• What we can do for those “who don’t want to listen” is actually deliver for them. On the local level. Show that the Democratic party stands for something besides fundraising. Make America believe in good government again. It’s not gonna be easy. It’ll take years, if not decades. The partnership with corporations was an understandable misstep in the 1990s, and now it’s bit us on the ass. Let’s pick ourselves up and fix the damage. As long as it takes.

            I’m not over the election. I can’t fucking believe it. Reagan and Bush II were stone dipshits, but both had gubernatorial experience. America chose a 1980s has-been whose pathetic celebrity was rekindled by his TV show, “The Apprentice.” So many voters were so fed up with politics, they picked this proudly misogynistic, bigoted idiot. I’m still in shock.

            My only silver lining is that his Cabinet, to date, seems like a bunch of toady dingbats. They’ll try to dismantle every government agency they run. I’m hoping the employees respond to this the same way I always did when horrible new bosses told me to ruin my job. You say, “yes, sir!” And you promptly ignore every dumbass thing you were ordered to do.

  2. Who is the elite of the Democratic Party at this point? Obama is on his way out so it is the members of Congress. Which would be Senators Schumer (Senate Minority Leader), Dick Durbin (Senate Minority Whip), Elizabeth Warren (Beloved Figure), apparently non-Democrat (and yes, this is kind of important) Bernie Sanders who only caucuses with the Democrats but staunchly refuses to be one. There is outgoing Senator Reid as well.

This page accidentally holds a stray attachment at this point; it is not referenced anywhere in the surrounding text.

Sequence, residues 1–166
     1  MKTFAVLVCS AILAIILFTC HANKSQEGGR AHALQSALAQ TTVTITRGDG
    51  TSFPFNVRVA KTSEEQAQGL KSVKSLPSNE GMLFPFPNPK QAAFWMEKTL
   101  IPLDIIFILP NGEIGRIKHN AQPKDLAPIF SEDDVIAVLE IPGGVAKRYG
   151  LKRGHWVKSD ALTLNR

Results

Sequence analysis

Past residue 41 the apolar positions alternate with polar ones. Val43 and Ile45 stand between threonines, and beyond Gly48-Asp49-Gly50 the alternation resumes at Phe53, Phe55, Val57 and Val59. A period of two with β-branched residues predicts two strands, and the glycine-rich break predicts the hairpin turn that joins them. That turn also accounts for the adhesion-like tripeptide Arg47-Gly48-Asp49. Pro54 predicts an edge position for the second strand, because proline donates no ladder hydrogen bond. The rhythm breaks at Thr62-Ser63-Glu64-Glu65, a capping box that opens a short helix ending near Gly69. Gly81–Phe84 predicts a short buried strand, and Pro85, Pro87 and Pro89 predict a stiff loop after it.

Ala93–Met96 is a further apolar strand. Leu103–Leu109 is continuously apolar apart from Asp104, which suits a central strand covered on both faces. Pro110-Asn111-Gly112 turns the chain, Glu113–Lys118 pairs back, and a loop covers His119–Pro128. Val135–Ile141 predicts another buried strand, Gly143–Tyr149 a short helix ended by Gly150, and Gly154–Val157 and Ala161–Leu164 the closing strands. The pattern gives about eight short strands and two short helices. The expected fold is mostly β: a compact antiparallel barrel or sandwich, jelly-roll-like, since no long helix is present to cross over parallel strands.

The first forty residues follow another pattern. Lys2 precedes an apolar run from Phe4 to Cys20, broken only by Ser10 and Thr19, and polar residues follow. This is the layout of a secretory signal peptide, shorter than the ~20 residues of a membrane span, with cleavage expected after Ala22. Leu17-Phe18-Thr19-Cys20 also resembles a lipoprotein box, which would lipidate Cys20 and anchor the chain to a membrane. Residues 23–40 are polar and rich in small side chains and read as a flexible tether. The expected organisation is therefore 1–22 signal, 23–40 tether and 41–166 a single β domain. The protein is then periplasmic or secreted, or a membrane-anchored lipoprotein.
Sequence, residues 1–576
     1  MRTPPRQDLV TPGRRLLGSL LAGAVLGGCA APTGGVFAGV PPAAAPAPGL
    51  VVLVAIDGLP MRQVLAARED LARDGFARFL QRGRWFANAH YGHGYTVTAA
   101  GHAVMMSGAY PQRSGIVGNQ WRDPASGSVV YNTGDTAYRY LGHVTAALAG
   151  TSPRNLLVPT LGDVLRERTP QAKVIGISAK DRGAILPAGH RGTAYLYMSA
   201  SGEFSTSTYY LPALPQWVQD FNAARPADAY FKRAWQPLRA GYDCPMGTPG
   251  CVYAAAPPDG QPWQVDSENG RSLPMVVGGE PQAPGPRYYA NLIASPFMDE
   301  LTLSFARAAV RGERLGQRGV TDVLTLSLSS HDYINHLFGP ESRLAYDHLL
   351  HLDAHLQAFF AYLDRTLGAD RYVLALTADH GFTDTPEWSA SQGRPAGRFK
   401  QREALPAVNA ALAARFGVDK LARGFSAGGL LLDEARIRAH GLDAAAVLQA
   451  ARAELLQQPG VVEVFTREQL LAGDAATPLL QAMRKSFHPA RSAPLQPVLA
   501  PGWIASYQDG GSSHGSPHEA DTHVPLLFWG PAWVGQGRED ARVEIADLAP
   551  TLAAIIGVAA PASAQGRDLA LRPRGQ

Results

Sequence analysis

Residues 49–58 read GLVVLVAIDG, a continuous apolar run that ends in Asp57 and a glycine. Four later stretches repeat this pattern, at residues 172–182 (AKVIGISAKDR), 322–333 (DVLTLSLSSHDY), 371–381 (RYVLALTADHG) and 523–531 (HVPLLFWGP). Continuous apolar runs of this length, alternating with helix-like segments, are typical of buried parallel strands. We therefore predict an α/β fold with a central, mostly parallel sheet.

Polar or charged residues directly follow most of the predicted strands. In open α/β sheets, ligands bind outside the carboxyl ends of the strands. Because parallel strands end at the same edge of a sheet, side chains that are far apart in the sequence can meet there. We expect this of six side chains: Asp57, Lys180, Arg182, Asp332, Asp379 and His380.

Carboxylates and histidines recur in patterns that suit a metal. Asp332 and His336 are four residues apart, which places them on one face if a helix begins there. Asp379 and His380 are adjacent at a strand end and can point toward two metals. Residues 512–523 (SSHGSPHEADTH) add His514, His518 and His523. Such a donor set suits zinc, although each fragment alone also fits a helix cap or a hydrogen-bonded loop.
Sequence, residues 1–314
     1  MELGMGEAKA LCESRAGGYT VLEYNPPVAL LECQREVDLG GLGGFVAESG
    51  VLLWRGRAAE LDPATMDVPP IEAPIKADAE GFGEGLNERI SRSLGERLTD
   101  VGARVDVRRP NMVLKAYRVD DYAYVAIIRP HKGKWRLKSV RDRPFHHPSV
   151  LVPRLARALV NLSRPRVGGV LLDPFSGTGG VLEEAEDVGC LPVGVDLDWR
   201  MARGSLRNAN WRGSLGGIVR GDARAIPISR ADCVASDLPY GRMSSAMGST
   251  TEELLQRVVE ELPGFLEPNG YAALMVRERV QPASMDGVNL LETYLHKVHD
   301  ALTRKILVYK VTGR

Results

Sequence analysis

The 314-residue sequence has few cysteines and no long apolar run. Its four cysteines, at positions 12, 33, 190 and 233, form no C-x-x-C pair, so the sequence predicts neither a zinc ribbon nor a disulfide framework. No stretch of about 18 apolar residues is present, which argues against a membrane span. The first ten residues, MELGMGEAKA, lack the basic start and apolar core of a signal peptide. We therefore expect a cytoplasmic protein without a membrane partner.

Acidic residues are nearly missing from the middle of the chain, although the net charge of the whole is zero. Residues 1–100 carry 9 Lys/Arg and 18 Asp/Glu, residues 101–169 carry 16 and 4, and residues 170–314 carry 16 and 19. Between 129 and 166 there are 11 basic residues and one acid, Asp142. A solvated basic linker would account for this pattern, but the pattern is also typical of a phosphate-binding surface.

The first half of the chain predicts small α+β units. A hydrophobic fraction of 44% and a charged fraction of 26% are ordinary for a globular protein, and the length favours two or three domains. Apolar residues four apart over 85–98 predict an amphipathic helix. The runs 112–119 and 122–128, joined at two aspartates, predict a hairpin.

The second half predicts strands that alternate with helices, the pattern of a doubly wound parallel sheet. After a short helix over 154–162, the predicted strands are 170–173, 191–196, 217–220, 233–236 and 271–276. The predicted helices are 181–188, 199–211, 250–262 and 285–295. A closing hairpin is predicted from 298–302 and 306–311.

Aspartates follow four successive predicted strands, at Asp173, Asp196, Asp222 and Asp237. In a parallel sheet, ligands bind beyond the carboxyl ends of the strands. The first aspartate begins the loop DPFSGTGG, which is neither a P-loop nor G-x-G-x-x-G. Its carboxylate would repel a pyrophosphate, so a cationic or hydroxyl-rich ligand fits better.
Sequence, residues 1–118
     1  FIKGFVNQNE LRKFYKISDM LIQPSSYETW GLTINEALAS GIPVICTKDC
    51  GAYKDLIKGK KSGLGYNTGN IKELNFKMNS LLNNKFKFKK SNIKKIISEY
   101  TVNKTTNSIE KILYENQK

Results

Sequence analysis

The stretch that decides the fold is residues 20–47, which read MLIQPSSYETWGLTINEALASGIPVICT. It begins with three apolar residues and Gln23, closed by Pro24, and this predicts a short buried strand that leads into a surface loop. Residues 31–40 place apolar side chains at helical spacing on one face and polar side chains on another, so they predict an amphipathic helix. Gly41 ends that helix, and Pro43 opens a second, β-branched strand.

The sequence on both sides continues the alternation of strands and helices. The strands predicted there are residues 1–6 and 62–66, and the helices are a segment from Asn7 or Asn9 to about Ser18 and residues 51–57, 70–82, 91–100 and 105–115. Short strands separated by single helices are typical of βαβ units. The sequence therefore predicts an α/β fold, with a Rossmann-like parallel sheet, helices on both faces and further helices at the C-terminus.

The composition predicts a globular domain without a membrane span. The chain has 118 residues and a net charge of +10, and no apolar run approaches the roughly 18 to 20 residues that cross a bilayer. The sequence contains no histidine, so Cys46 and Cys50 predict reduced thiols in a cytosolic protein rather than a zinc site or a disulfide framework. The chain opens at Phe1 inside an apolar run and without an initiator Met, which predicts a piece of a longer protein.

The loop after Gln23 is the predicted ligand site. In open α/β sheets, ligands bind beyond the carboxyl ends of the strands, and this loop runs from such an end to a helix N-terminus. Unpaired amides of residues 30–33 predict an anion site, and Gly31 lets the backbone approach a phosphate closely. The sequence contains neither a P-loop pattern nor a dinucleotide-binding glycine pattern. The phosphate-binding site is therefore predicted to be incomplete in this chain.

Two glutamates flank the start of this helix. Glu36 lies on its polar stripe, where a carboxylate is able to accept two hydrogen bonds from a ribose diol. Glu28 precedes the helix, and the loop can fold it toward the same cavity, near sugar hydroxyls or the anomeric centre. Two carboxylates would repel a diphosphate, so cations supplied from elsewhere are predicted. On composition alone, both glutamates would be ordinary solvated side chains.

Over in the House you have Nancy Pelosi, Steny Hoyer mainly.
    And I guess if you want to you can throw in the Mayor of New York and the heads of the labor unions.

    Of the elites-most of them have already endorsed Ellison. It would appear this time that Ellison is the choice of the elites.

    I am on #TeamPerez because I like what I have been hearing and Hogue dropped out. However I don’t get a say and to be honest, none of the people reading this blog do either. The reason I don’t get a say is because I never made an effort to run for the positions I would need to in order to be in place to vote on this.

    And I am still hearing policy over party building. The Chair doesn’t set policy. The Chair sets party building. This is why I don’t like Ellison because he doesn’t get that and it seems at least Perez dimly does.

    • That’s a really limited take on “elites.” And I mentioned Schumer. It is much easier for a a Schumer or a Pelosi to go along with this. It’s exactly the same as if Sanders had won the primary. I have no doubt at all that Hillary Clinton would have backed him forcefully. That’s not the level of elite I’m talking about. (Although maybe. Look at the Labour Party.) It wouldn’t have been Hillary Clinton refusing to vote for Sanders.